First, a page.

IFRS 16 has been effective for some time now. And companies including audit firms in Dubai are numerous questions regarding its implementation. This guide will highlight some common issuers company audit teams face when implementing the IFRS 16 leases.
IFRS 16 describes leases as part of a contract, which gives the right to use identified assets for some time in exchange for consideration, which in turn, provides a business in Dubai, the right to enjoy economic benefits from using the asset.
How does this relate to a non-standard contract, whereby assets can be replaced by the supplier for other ones or leases where rent payable relies partially on turnover, deterring the Dubai company from benefiting from the words?
Well, some assets, which are identified in agreements because of their unique ability to suit the business needs may fall under the scope of IFRS 16, while still, some assets may not fall under the standard. Financial audit experts should make sure only agreements which provide a business with the right to control over the use of some assets are accounted for in IFRS 16.
Figuring Out the Discount Rate
The starting point for auditors to measure lease liability is discounting present value, the in-substance fixed and fixed payments made over the duration of the lease. A major issue encountered by most Dubai audit services, internal auditors, and external auditors alike are the quantification of the discount rate.
The standard recognizes the “interest rate implicit in the lease” as the first step. It is the rate of interest which causes the unguaranteed residual value and the present value of lease payments to equal the sum of the fair value of the underlying asset added to the initial direct costs of the lessor.
Normally, it’s the rate at which the Internal Rate of Return is zero. But, technically, it needs access to data which lessees rarely have access to it. For instance, the lessor may be unwilling to communicate their projected residual value to the lessee or sensitive data like the initial direct costs.
So, financial audit teams discount most leases using the Incremental Borrowing Rate (IBR). This is the interest amount a lessee should pay to access funds required to get an asset of similar value as opposed to the value of the right-of-use asset.
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A lease agreement may specify that other goods or services must be purchased from the lessor, such as maintenance, utilities, and insurance. Whether these additional items pertain to goods or services that benefit the lessee determines how they should be accounted for.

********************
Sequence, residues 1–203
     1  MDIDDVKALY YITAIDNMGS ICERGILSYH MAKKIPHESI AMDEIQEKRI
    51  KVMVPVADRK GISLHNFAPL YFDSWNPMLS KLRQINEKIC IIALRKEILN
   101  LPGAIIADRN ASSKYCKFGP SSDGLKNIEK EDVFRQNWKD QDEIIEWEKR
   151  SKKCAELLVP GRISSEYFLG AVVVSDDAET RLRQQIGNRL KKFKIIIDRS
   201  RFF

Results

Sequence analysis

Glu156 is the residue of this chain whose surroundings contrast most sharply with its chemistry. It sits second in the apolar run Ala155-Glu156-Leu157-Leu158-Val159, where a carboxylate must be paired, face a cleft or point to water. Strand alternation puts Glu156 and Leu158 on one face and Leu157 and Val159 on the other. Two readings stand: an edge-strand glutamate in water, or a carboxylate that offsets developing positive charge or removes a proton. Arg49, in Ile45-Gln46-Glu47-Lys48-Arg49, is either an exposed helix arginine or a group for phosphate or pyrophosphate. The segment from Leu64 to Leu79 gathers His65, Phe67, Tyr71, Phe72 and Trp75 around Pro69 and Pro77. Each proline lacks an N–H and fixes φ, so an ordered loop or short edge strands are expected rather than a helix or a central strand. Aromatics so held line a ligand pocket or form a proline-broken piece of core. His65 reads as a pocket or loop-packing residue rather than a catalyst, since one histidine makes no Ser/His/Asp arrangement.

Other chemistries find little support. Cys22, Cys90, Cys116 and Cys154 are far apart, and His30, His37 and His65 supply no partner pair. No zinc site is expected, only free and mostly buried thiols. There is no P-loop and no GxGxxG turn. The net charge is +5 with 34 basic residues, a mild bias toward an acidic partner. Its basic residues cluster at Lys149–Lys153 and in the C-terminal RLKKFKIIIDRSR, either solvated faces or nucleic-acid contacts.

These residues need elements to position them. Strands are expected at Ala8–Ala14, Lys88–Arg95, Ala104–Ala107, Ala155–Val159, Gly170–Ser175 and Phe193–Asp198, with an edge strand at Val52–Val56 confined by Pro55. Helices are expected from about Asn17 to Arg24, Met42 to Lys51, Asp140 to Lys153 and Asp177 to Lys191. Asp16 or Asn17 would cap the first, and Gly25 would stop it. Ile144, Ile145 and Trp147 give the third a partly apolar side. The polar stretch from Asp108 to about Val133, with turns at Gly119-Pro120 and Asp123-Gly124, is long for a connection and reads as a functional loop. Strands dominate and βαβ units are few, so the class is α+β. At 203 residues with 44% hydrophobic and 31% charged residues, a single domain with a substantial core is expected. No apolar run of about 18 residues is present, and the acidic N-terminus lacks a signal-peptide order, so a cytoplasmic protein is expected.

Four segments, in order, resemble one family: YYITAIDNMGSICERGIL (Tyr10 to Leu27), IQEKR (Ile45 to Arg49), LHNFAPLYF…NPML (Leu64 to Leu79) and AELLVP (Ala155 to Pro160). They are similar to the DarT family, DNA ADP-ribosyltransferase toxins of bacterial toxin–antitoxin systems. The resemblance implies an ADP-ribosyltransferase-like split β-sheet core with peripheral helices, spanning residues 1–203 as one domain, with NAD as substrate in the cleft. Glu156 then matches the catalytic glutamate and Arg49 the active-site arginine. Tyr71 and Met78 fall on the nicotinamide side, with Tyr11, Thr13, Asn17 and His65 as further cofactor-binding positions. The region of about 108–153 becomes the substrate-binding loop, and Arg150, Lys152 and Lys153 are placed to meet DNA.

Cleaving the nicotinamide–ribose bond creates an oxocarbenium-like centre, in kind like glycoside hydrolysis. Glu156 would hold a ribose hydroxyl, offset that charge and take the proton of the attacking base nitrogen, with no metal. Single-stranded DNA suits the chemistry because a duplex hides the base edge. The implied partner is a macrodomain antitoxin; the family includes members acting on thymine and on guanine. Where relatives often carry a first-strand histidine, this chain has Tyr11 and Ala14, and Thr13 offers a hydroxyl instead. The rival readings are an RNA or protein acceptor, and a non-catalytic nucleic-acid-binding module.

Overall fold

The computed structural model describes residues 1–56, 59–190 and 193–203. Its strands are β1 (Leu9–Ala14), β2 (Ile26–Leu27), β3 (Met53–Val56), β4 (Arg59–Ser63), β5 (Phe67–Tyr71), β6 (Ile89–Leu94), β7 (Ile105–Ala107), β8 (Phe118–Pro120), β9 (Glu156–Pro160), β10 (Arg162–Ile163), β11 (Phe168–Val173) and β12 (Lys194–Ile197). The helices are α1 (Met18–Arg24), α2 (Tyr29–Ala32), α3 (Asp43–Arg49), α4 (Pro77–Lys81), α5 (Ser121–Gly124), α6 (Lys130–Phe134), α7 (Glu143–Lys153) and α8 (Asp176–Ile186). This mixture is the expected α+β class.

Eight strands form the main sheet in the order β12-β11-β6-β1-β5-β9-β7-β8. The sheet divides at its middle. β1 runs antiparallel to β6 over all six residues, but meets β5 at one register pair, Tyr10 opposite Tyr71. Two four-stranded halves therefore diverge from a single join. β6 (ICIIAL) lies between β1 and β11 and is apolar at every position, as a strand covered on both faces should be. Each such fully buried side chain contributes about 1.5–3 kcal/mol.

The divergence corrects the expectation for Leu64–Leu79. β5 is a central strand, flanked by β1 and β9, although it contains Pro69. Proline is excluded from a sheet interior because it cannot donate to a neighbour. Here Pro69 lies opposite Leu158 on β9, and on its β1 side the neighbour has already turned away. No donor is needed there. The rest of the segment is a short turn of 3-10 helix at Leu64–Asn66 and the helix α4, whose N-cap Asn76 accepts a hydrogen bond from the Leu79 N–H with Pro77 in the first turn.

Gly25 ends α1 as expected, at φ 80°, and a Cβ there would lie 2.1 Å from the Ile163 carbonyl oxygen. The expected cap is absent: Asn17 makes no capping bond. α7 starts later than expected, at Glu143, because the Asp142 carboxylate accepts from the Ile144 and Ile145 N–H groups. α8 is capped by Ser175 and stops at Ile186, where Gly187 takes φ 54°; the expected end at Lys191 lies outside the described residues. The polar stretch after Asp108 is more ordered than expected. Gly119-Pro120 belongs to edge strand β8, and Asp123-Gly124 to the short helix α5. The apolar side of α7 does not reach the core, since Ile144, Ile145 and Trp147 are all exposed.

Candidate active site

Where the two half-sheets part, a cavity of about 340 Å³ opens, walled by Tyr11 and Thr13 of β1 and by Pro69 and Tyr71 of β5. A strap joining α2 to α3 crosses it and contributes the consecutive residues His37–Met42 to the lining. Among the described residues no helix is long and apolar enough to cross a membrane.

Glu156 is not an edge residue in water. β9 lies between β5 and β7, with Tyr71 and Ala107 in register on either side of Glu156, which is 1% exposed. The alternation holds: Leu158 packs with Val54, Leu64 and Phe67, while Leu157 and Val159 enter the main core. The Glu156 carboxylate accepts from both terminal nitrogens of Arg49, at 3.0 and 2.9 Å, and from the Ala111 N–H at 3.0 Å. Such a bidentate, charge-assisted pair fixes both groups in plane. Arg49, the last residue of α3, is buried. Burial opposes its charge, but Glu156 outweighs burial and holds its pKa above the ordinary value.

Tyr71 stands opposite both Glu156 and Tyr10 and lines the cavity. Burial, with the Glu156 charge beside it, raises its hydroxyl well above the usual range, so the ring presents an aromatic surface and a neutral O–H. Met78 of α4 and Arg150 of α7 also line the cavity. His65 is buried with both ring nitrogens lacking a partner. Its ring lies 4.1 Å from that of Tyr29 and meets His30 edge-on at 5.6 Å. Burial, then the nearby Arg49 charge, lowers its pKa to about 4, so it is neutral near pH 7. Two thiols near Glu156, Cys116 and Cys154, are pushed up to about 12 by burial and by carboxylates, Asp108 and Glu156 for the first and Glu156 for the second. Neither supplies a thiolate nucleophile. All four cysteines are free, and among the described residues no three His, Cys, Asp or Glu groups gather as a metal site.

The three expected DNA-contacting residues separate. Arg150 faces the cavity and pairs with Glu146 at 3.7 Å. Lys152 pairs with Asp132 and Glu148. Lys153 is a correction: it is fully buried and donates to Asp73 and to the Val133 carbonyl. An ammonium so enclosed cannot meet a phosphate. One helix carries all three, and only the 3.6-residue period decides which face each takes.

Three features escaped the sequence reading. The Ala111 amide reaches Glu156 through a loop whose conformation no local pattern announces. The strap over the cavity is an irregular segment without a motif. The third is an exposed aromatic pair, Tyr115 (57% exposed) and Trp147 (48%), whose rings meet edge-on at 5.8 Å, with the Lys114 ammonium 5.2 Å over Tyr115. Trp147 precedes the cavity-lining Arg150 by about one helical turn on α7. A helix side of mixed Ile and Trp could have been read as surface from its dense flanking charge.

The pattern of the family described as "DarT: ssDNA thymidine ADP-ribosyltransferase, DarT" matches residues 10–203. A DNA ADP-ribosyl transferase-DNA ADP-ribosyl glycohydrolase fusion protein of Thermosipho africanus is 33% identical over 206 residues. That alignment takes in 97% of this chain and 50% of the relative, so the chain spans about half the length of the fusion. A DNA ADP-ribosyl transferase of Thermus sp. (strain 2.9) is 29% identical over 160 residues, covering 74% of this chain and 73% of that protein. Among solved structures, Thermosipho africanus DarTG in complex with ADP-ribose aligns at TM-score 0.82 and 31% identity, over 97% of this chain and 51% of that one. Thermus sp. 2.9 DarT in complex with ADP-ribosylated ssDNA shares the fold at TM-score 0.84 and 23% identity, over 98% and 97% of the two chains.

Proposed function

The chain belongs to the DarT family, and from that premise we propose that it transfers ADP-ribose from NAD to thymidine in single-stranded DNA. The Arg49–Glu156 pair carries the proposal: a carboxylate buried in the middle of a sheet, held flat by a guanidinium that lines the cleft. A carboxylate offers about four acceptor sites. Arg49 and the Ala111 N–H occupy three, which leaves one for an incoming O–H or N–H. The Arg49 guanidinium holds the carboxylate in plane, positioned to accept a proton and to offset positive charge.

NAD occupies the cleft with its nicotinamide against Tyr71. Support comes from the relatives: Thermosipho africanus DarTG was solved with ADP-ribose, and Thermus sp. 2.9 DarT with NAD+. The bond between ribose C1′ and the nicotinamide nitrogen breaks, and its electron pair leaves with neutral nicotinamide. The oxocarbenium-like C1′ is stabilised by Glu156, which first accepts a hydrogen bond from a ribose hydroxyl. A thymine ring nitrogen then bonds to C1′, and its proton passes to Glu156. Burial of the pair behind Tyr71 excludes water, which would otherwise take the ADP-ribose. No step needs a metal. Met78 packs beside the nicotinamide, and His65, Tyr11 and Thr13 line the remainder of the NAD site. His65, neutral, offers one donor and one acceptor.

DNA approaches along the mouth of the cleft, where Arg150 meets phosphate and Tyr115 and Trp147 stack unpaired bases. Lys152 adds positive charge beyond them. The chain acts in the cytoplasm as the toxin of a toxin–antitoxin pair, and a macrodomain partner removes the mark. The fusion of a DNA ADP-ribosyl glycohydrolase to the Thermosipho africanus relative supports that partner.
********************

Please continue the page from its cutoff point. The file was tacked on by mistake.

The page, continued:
Assigning Restoration or Maintenance of Certain Assets During Transfer
Most lease agreements include provisions for making good or restoring the damage. In commercial leases, for instance, there may be a “make-good” provision requiring the lessee to remove their fittings at the end of the lease and return the premises to their original state. This expense is reflected in a provision for Contingent Liabilities and Contingent Assets under International Accounting Standards (IAS) 37.
IFRS 16 does not require the recognition of make-good provisions related to leases, as this requirement is already present in IAS 37. IFRS 16, however, recasts its treatment since it includes a provision for the estimated costs of repairing the underlying asset at the first recognition.
A provision may also be required if a lease contract does not contain make-good clauses, and IFRS 16 implementation uncovers them. These costs and related provisions will be treated differently based on the transition method that will be applied, and whether or not such a provision was already recognized.
Fit-Out Cost Reimbursements: Lease Incentives
Lessors often offer lease agreements with incentives to their lessees. Lease Incentives are payments made or reimbursements made by lessors to lessees to facilitate leases. The definition is silent on the treatment of lease incentives where lessors reimburse lessees for fit-out costs.
When it comes to determining whether fit-out costs are incurred to build assets that benefit the lessor or the lessee, one of the major factors is whether they benefit the lessor or the lessee:
The contribution should be treated as any other cash incentive received or receivable if the assets will remain the lessee’s and are no benefit to the lessor.
It is not within the scope of IFRS 16 to construct an asset that will be the lessor’s: the lessee does not eventually own an asset in addition to the right-of-use asset and instead makes upfront payments to the lessor for costs, and the lessor reimburses them.
In order to identify these issues early and accurately apply IFRS 16, a careful examination of the terms of the lease agreements is crucial.
Kasun Liyanage is an Audit Manager with over 7 years of experience dealing with diversified corporate clients. He not only manages the team’s work schedule but also is an expert in handling audit areas such as external audits and fraud investigation, Internal control benchmarking and best practices and well as preparation of financial statements and IFRS compliance.